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Servo drives are "twice as fast as rivals"

01 October, 2006

Servo drives are `twice as fast as rivals`

Mitsubishi has launched a new generation of servo motors and amplifiers — its ninth since 1980 — with the claim that the new drives perform twice as well as their nearest rivals. Jon Sumner, who looks after the company`s servos and motion control business in the UK, says that new MR-J3 occupies one fifth of the volume of its predecessor, while delivering 260 times better performance. It is also 30% cheaper.

The new servo has a 900Hz speed frequency response — 30% faster than the previous generation, and better than almost all of its rivals, according to Sumner. The result is faster operation, greater accuracy, and enhanced productivity.

The servo`s feedback update times are 11µs in current loop mode, 22µs in position loop mode, and 55µs in speed loop mode. The motors are capable of speeds up to 6,000 rpm, and are fitted with 18-bit encoders that deliver 262,144 pulses/rev.

The amplifiers are at least 40% smaller than Mitsubishi`s previous-generation models, and the motors are almost 25% shorter. This will reduce the need for costly cubicle space and allow the motors to fit into small recesses in machines, Mitsubishi says.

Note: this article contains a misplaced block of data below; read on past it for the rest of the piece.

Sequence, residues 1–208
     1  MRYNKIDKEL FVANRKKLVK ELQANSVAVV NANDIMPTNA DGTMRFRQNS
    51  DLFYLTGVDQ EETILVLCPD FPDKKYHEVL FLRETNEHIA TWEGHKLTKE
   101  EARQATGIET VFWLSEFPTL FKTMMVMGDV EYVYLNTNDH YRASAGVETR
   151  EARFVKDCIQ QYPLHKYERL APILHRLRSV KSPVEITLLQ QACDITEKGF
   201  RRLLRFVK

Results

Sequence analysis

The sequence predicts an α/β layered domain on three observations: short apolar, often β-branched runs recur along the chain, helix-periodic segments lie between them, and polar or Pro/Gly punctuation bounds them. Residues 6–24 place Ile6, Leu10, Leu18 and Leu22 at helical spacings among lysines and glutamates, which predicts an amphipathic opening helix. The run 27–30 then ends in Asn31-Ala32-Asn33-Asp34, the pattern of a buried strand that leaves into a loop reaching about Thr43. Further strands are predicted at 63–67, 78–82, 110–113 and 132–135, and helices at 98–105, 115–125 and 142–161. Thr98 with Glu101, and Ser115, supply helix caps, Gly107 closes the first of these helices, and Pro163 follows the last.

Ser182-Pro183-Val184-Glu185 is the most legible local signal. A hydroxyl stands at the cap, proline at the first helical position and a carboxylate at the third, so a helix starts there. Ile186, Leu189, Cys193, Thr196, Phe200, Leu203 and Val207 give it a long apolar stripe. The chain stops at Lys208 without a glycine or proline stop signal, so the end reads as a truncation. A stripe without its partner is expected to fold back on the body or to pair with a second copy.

Other advanced technologies built into the new drives include:

a real-time, auto-tuning adaptive filter that can suppress vibrations at high gain settings;

an automatic function that analyses, and compensates for, the effects of vibrating loads; and

a dedicated fibre-based motion network (SSCNET III) that can link 96 axes and supports transfer rates up to 50Mb/s and cycle times of 0.44ms.

The servos span ratings from 50W-55kW. All are programmed using the same Windows software which incorporates functions such as a graphical machine analyser, an oscilloscope and a high-speed sampling monitor. Sumner says that some other suppliers need three different technologies and programming systems to cover the same ratings range.

The MR-J3 was launched in Europe at this year`s Hannover Fair, and Sumner reports that initial applications are confirming the time-saving and performance claims. One application, involving 182 servomotors, used to take 40 minutes to set up — it now takes 5s. In another application, cycle times for a machine used to package sandwiches and ready meals have been cut from 1.6s to 1.2s, representing a 25% increase in output.

At present, Mitsubishi holds just 2% of the fragmented UK servo market. Sumner is confident that the new drives will help to raise this share substantially.

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